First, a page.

Independent Social Media Maverick Award
You never know. Grande Communications joined the social media revolution a few years ago to engage customers, raise brand awareness and advocacy, assist customer care and spread the word about its services for residential and business customers in Texas. Social media manager Shana Ogg is a master at tailoring conversational and personal messages to fit Grande’s six social media platforms. Grande “has written the book on how to serve and inform 21st-century consumers… with informative communications… that are informal enough to bring a smile to all,” says ACA chief Matt Polka, a self-confessed social media addict.
But then came Memorial Day weekend 2015 and the floods, specifically those brought by Tropical Storm Bill. “Grande’s call center and headquarters are located on two-stories. Good thing, because the entire first floor call center was flooded,” says ACA EVP & Chief of Staff Rob Shema. Waters were more than 43 feet high in some parts of San Marcos, the central Texas city of 55K where Grande is based. Call center operations moved to another location and were up the next day. “The vast majority” of Grande’s customers avoided loss of service, and after 48 hours “99% of our customers had all their services,” says Peter Drozdoff, VP of marketing. Still, the first 24 hours were difficult, with pockets in San Marcos and adjacent areas “particularly tough,” he adds. Things have yet to return to normal for some San Marcos citizens. As we write this in mid June, stories about recovery efforts abound. FEMA has been called in and more than a thousand area residents have signed up for relief. Beyond power outages, Grande services were hit when a fiber optic cable fell into the swollen Colorado River. “We used a drone to fly fishing line across the river and dragged our fiber back over, set up new poles and service was restored.”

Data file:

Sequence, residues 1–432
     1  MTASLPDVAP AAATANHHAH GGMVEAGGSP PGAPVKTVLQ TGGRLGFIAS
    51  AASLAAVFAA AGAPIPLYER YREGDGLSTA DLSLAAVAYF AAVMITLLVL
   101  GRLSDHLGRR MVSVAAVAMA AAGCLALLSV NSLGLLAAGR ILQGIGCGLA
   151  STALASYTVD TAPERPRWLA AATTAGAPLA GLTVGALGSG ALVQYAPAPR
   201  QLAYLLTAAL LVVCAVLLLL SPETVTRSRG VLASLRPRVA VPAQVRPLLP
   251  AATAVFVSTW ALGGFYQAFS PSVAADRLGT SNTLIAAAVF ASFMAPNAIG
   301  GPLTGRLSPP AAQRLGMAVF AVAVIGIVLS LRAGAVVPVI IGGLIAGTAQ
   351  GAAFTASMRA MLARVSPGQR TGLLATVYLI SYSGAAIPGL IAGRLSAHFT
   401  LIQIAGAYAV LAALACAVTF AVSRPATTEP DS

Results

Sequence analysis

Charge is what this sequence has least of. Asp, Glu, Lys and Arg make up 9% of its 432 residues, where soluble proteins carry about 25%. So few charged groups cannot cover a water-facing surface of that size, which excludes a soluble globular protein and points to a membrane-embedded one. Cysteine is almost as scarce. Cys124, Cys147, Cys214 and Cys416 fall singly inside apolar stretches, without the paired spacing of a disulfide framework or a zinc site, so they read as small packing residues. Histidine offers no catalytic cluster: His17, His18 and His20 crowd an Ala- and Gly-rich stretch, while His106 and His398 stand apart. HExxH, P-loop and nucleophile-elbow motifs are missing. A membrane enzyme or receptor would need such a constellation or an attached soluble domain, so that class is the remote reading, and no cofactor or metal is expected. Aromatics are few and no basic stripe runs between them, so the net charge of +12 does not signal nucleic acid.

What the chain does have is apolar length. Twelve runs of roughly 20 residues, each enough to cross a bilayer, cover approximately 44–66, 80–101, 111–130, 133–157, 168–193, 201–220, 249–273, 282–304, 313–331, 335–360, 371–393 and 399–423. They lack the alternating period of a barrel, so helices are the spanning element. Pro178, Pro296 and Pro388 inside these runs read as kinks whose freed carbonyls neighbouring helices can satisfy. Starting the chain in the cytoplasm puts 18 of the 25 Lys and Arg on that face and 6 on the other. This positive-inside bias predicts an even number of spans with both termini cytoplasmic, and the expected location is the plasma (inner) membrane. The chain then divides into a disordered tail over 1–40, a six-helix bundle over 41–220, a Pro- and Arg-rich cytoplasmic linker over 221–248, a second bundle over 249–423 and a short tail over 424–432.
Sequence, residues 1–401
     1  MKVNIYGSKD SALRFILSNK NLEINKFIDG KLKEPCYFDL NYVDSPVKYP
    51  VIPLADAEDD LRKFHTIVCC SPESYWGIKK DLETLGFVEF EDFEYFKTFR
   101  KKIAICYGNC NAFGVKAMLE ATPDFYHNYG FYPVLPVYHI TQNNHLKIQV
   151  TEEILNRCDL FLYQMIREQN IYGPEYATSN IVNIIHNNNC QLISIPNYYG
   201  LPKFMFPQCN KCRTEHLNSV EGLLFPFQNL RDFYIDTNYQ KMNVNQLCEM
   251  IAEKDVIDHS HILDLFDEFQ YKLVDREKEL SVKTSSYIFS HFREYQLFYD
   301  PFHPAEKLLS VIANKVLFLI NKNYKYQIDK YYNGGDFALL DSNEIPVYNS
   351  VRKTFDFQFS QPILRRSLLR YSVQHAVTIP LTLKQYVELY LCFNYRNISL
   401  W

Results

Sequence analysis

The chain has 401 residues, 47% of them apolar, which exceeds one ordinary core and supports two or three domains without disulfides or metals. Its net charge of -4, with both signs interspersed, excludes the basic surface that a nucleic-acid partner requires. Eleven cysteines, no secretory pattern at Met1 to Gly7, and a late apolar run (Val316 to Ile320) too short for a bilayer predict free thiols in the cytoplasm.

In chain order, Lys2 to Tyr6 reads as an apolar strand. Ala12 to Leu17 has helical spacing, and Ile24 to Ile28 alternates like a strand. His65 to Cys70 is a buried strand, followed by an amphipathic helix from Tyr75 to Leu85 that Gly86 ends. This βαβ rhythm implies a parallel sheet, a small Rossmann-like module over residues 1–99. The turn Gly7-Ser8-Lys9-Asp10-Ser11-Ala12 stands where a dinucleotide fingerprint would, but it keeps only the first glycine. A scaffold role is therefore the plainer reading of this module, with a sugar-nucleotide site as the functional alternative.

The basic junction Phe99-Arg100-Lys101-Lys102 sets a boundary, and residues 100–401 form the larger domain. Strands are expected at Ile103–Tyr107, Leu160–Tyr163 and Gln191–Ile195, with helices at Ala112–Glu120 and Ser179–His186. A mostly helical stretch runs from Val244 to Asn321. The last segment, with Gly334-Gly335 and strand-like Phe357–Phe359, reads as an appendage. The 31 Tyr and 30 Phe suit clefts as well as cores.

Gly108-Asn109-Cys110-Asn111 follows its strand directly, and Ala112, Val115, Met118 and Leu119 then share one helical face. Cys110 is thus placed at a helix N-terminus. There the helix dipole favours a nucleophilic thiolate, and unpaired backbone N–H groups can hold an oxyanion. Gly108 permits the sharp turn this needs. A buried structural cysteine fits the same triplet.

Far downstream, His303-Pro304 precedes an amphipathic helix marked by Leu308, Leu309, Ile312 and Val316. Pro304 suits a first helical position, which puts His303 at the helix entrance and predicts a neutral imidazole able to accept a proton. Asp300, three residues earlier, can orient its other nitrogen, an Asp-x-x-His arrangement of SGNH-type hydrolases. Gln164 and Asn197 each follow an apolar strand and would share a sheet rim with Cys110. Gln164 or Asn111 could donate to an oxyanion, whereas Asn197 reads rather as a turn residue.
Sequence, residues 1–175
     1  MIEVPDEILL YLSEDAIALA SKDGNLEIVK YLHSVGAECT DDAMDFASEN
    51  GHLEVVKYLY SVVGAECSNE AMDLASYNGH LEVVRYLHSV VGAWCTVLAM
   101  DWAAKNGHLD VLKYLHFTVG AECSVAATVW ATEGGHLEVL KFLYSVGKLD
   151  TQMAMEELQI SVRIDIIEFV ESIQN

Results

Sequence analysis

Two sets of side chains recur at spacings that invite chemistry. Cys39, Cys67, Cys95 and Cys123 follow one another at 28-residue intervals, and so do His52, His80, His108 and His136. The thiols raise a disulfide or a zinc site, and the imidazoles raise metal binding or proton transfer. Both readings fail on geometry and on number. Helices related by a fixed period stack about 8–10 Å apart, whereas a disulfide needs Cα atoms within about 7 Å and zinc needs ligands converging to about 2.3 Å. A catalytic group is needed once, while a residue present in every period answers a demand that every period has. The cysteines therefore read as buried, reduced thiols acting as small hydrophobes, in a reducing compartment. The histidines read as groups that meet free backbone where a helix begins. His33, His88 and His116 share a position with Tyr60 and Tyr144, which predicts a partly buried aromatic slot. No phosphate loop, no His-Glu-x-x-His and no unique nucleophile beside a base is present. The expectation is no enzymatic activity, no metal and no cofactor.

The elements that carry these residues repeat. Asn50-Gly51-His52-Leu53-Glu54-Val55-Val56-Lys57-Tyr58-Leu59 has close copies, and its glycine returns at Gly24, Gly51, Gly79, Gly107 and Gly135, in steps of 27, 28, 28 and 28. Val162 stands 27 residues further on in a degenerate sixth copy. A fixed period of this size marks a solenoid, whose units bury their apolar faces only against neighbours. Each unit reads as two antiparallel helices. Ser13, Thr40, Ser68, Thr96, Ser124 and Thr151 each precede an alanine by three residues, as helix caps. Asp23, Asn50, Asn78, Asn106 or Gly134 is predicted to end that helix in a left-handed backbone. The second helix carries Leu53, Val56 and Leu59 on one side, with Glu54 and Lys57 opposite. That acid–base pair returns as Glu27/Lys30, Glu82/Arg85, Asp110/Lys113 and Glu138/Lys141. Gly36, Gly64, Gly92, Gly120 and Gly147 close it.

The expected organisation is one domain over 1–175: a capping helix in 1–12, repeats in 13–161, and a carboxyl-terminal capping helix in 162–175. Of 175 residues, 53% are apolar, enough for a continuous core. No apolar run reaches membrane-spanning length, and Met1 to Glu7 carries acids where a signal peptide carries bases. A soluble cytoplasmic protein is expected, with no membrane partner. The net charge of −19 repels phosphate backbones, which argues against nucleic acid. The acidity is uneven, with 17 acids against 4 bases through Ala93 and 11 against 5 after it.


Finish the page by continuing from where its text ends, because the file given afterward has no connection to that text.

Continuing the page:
When Bill arrived, social media dispensed adding the fun commercials Grande is known for to YouTube. Also delayed were posts about events, ticket giveaways and reminders about the latest HBO series. Instead Grande’s social media reached out to its 160K+ residential subs for another reason. Every few hours Grande issued progress reports, “talking about the specific areas that were out, what we were doing about it, what we thought would happen and when we would get back to them with the next update,” Drozdoff says. The frequency of the posts mirrored the activity of Grande’s senior management team, which met every few hours that first day, beginning at 6am, Sunday, May 24.The reaction was overwhelmingly positive. Grande customers became town criers in their neighborhoods, some of which literally were in the dark. “Our customers thanked us repeatedly and told us they were supplying our information to neighbors since their providers weren’t keeping them apprised,” he says.
Ogg mentions Grande’s mission statement guides her content. The statement: “We take care of our customers. We take care of each other. And we say what we’re going to do. And we have fun.” Grande’s customers can attest to that.
– Seth Arenstein
– Founded in 1999, Grande offers triple-play services to San Antonio, Austin, Dallas, San Marcos, Waco, Corpus Christi, Midland and Odessa, Texas. It has 650 employees.
-Facebook, Twitter and LinkedIn are Grande’s most active sites.